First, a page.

Finally, the new dark gray colored cable is a treat to use, especially when compared to the previous cables used in Campfire products. The cable is thinner than the ones packaged with the Andromeda and Solaris, which I have with me, but is much more usable. Gone away is the memory wire hooks, and replaced is a pre-formed hook that I very much prefer. The cable is soft and flexible, and does not tangle easily, which is a huge improvement over the previous cables.


    IO's Unique Sound

    The Campfire IO has an interesting, and unique signature and I think it’ll be unusual to many people. The IO is a relatively flat tuning, but has a different mids-profile than more common sound signatures do, which may put many people off. Besides, that, the IEM has very good technicalities and wide soundstage with plenty of details. But let’s go over some of the things I’ve discovered in more detail during my time with the IO.


    The low end of the IO is extremely clean and has a touch of warmth to it. The subbass does dig down, but generally stays even keeled throughout. There’s a lot of good to say about how fast the bass attack is, and how good the layer is in this area. It takes a similar general approach of the Campfire Orion in this regard, but boosts the bass and extends it further down, all the while, improving upon its detail level.

    This is not an IEM for bassheads. Its for someone who likes quality over quantity and I think the IO does well here, and generally recommend it for songs that are focused more on bass and treble, as it does both of those quite areas quite well.

    The mids are another story though. I find them quite wonky, and it has a lot to do with the sharp peak between 1-2KHz followed by a complete cliff, which enders the upper mids almost absent. This is where I find the IO to have quite a “unique” signature. Because of this, I find that a lot of the presence energy inadequate and lacking.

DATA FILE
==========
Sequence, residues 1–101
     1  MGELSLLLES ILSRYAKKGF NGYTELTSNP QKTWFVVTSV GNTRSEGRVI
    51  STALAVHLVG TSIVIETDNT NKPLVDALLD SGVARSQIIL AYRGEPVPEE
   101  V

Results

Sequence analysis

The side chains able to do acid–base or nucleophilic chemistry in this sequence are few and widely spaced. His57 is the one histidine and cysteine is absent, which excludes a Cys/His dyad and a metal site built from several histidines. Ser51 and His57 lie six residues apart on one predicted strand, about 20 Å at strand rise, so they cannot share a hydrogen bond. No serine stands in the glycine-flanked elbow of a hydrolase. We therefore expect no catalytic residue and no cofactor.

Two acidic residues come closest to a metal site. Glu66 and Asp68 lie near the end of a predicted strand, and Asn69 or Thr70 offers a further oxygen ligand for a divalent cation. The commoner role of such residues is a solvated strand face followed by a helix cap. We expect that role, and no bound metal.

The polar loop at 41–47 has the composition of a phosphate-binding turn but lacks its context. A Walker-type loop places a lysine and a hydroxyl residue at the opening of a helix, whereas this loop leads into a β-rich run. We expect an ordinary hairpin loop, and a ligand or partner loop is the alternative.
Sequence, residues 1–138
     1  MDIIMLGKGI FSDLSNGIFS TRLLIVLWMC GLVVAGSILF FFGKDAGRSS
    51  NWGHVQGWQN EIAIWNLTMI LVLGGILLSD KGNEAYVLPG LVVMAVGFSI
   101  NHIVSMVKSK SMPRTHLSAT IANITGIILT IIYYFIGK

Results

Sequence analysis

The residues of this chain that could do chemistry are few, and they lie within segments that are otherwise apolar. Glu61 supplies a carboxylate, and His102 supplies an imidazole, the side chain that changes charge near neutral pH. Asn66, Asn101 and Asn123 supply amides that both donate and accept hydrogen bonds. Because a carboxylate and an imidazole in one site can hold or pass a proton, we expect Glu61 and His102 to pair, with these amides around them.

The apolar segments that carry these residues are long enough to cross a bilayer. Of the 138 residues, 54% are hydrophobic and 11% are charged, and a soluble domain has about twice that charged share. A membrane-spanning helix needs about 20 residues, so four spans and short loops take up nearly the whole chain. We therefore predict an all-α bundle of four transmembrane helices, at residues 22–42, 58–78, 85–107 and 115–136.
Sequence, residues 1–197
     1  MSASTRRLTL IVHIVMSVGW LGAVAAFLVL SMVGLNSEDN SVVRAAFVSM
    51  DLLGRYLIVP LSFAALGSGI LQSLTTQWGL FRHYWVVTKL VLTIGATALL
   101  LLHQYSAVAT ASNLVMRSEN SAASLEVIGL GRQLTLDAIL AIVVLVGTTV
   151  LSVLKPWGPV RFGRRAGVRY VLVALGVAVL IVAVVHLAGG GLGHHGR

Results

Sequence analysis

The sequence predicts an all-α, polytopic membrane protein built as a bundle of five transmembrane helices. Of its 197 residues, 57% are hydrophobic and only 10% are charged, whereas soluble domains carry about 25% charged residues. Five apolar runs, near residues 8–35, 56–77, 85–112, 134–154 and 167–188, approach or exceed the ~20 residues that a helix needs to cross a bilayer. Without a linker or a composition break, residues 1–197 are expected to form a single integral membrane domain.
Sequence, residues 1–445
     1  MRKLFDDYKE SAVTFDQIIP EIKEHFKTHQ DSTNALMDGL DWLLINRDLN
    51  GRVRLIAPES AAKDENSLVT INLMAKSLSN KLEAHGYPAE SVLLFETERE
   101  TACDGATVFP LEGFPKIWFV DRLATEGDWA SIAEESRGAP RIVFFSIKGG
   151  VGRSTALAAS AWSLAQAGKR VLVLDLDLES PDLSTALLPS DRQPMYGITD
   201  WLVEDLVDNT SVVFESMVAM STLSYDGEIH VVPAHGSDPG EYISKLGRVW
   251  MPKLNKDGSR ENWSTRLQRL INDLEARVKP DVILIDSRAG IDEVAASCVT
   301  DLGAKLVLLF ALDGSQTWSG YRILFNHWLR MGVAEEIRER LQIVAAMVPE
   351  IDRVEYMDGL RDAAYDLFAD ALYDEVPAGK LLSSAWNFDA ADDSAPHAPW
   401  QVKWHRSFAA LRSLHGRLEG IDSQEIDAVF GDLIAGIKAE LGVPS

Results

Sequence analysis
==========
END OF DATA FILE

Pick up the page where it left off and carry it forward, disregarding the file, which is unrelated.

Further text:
In terms of listening, I find vocals are recessed and off, and specifically female vocals have a weird haze to it. Cymbals, guitars, and other string instruments also exhibit this behavior. It has a low fidelity sound to it – a veil. Deeper male vocals don’t exhibit the same issues as females, though there still is a weird tinny-haze to them occasionally.

    In more detail, for a few songs I listened to which feature prominent female vocals like “Dreams” by Fleetwood Mac, the voice of Stevie Nicks is just off. The bass line sounds good, but the cymbals just lose their sense of splash. Nick’s voice is extremely distant, and not only that, she sounds like she’s off-stage behind the curtains somewhere. It’s like the drummer is playing on stage by himself, and the rest of the band is behind the curtains. It’s unusual to me.